Investigating the Best Temperatures betweem Calf Trypsin and Fugal Trypsin

Investigating the Best Temperatures betweem Calf Trypsin and Fugal Trypsin

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Investigating the Best Temperatures betweem Calf Trypsin and Fugal Trypsin

PROBLEM BEING INVESTIGATED

BACKGROUND

Trypsin is an enzyme so to be able to conduct a suitable plan, this
idea will help me to predict the best temperature that can be achieved
on its activities in different conditions. “Collins Advanced Science
Biology defines an enzyme as biological catalysts, speeding up
reactions that would otherwise happen too slowly to be any use to the
organism, that is it has catalytic properties, in other words they
alter the rate of reaction without themselves undergoing a permanent
change. Most chemical reactions require an initial input of energy
called activation energy, to enable them to occur. Enzymes reduce the
need for activation energy and so allow reactions to take place more
readily than would otherwise be. An active enzyme may speed up a
particular reaction, but living organisms do not need all reactions to
be going at the maximum rate all of the time. It would be perfect to
say after considering this fact that, enzymes do actually control
rather than speeding up, because they interact with other molecules to
produce an ordered, stable reaction system in which the products of
any reaction are made when they are needed in the amount needed.
Enzymes are globular proteins. They have complex tertiary structure in
which polypeptides are folded around each other to form a roughly
globular shape. This ship is very important once altered, the enzyme
cannot bind to its substrate and so cannot function, this shape is
maintained by hydrogen bonds and ionic forces and their function can
be affected by changes in temperature and pH, these are not the only
factors that can affect enzymes are competitive inhibitors they
compete with the substrate for the active site, The greater the
concentration of the substrate the more likely it is to occupy the
active sites and the less the effect of the inhibitor. and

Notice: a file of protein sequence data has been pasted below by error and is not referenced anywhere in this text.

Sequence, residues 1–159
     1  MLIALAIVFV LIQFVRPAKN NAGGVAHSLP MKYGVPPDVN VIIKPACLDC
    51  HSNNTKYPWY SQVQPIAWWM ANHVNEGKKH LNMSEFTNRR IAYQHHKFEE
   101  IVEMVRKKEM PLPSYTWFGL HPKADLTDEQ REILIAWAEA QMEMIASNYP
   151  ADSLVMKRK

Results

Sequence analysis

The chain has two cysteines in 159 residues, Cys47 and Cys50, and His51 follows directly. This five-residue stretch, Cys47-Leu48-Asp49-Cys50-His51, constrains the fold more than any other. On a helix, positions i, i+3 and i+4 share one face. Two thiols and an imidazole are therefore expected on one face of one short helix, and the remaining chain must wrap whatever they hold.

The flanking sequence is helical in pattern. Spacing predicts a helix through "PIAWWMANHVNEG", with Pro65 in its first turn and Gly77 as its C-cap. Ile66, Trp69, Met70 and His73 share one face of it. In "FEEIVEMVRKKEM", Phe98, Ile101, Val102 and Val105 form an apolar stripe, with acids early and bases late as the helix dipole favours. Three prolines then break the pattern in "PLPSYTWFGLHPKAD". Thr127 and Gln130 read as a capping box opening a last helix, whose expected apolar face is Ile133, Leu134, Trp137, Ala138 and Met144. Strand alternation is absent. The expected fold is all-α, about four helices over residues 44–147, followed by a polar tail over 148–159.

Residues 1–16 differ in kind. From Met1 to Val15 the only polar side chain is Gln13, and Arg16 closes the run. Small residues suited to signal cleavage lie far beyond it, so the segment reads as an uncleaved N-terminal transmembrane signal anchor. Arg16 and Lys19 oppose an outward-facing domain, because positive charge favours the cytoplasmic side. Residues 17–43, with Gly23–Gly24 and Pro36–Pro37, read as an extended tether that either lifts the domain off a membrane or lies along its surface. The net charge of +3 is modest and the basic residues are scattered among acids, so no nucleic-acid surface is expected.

non-competitive inhibitors which attach themselves to the enzyme other
than the active site, As the substrate and inhibitor are not competing

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for the same site, an increase in substrate concentration does not
diminish the effect of the inhibitor

TEMPERATURE

As temperature increases, the molecules move faster, due to increased
energy. Therefore, the enzyme and substrate molecules will meet more
often and the rate at which the product is formed will increase this
is according to the Kinetic Theory. However, as the temperature
continues to raise the hydrogen and ionic bonds, which hold the enzyme
in shape, break and the active site will no longer accommodate the
substrate. The enzyme will denature and when this occurs it cannot be
reversed.

PH

Changes in pH may not only affect the shape of an enzyme but it may
also change the shape or charge properties of the substrate so that
either the substrate connot bind to the active site or it cannot
undergo catalysis. In general enzymes have a pH optimum. However the
optimum is not the same for each enzyme.

THE INDUCED FIT HYPOTHESIS

This is a simply hypothesis explaining the way that an enzyme breaks
up its substrate. It is recently known that the active site in many
enzymes is not exactly the same shape as the substrate, but moulds
itself around the substrate as the enzyme-substrate complex is formed.
The hypothesis explains my comment that enzyme binds to a substrate
momentarily, allowing a reaction to happen, but do not themselves
undergo any chemical change.

The image below explains the induced fit hypothesis better.

[IMAGE]

SIMPLE PROCEDURE AND SCIENTIFIC COMMUNICATION

Trypsin is an enzyme secreted by the pancreas, it digest proteins